When the head of the National Transportation Safety Board called for states to pass tough new laws banning drivers from using cellphones or hand-held devices, she said: "No call, no text, no update, is worth a human life."
While Tuesday's statement by NTSB Chairwoman Deborah Hersman is undeniable, there are those who question the advisability of such a ban. Some state lawmakers and transportation experts say it could be difficult to enforce and that there's no real evidence yet that existing laws on hand-held devices have significantly reduced accident rates.
"To date, no state has taken the steps that the NTSB is suggesting," says Jonathan Adkins, communications director for the Governors Highway Safety Association.
The NTSB's recommendation, which is not binding, called for a ban on all portable electronic devices, including hands-free devices, while driving except in emergencies. The sole exception would be devices "designed to support the driving task," such as GPS devices.
Current state laws on cellphone use are a patchwork. Connecticut, New Jersey and Delaware, for example, have some of the strictest laws, banning hand-held devices, cellphones and texting behind the wheel, while states like South Carolina, South Dakota and four others have no ban at all. Local governments may have their own laws.
South Carolina Rep. Bakari Sellers, who has tried unsuccessfully for about four years to ban drivers from using hand-held devices in his state, says the main argument against it revolves around individual freedoms.
"We are a very conservative state that borders on libertarianism," says Sellers, a Democrat. "Not a safety argument, but an argument that the government is trying to take away our rights."
While he applauds the NTSB's proposal for its substance, he thinks it will sink his efforts at home because it has the imprimatur of the federal government.
"It will seal any chance of passing this in South Carolina," he says, chuckling.
That sort of us-against-them attitude is shared by many people in South Dakota, says Republican state Rep. Betty Olson, who has opposed efforts to implement a ban in her state.
She doubts the NTSB's recommendations will cause any of her fellow lawmakers to seriously reconsider the issue. "Most of us don't pay much attention to what the feds are doing," she says. "We're kind of an independent bunch out here."
Olson, a former emergency medical technician, has seen plenty of automobile accidents, most of them attributable to "distracted driving" — of all kinds. That's already against the law in South Dakota, she says, so there's no need for a specific ban to target cellphones and hand-held devices.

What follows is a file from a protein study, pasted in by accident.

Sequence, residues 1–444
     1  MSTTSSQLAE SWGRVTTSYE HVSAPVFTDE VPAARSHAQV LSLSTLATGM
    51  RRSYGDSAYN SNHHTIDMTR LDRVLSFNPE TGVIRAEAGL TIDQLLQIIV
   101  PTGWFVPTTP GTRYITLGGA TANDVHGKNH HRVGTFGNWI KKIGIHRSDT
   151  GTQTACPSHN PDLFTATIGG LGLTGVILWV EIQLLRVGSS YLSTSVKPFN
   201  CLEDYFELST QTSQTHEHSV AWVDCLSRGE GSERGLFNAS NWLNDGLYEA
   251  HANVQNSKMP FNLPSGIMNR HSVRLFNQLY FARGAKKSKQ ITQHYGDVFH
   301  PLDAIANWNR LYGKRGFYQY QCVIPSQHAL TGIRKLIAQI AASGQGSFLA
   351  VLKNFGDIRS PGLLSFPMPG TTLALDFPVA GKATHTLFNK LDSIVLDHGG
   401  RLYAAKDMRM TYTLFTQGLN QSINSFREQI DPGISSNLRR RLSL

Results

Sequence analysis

"I think using a cellphone while driving is stupid," Olson says. "But the last thing the cops need is another law to try to enforce."
Since Delaware's ban went into effect in January, police officers have issued 9,000 citations for cellphone use while driving, says Sgt. Paul Shavack, a spokesman for the Delaware State Police. During the same period, there have been 139 accidents in which cellphones were cited as a distracting factor, one of which was fatal.
Shavack says the law can be tough for officers to enforce "because it's hard to tell if the driver was using a cellphone unless he or she admits it or a witness says it's happening."
He also notes that it's too soon to know whether the ban has had any effect on the number of accidents. "That might take three years of data," he says.
A National Highway Traffic Safety Administration pilot program in Hartford, Conn., and Syracuse, N.Y., suggested that a combination of aggressive public service advertising ("Phone in One Hand, Ticket in the Other") and stepped-up enforcement can reduce the numbers of distracted drivers, if not the number of accidents.
Each city received $200,000 in federal funds and $100,000 in state funds last year to test whether a crackdown would work. It did. Officials in Hartford say cellphone use and texting declined by a third during the enforcement period. In Syracuse, handheld use dropped by more than one-half and texting by nearly three-quarters, officials report.
"The success of these pilot programs clearly shows that combining strong laws with strong enforcement can bring about a sea change in public attitudes and behavior," says NHTSA Administrator David Strickland.
Russ Rader, a spokesman for the Insurance Institute for Highway Safety, agrees but says there's just one problem: "We don't know if [the demonstration project] had any effect on crashes — and that's a key measure."
The institute's own study shows that states with cellphone bans have seen no real decrease in accident rates.
"The curious thing is that even as cellphone use has increased exponentially by drivers in vehicles, we see no surge in crashes," Rader says. "So as this trend has accelerated, with more and more people having phones in their cars and using them, the number of overall crashes has been declining."
Cellphone use behind the wheel is no doubt a dangerous distraction, Rader says. But the overall problem of distracted driving is much bigger — it's about fiddling with the car radio or eating a sandwich as much as it is cellphones, he says.
Adkins of the Governors Highway Safety Association acknowledges that there is no evidence proving that state bans reduce crashes.
"People in the safety community have been able to show that enforcing the ban has reduced the number of people actually using the phone while they drive," he says. "But we haven't been able to show that that actually reduces accident or crash rates."
Adkins says even though his organization hasn't decided whether to support the NTSB's proposal, "we understand it and think it has a lot of credibility."
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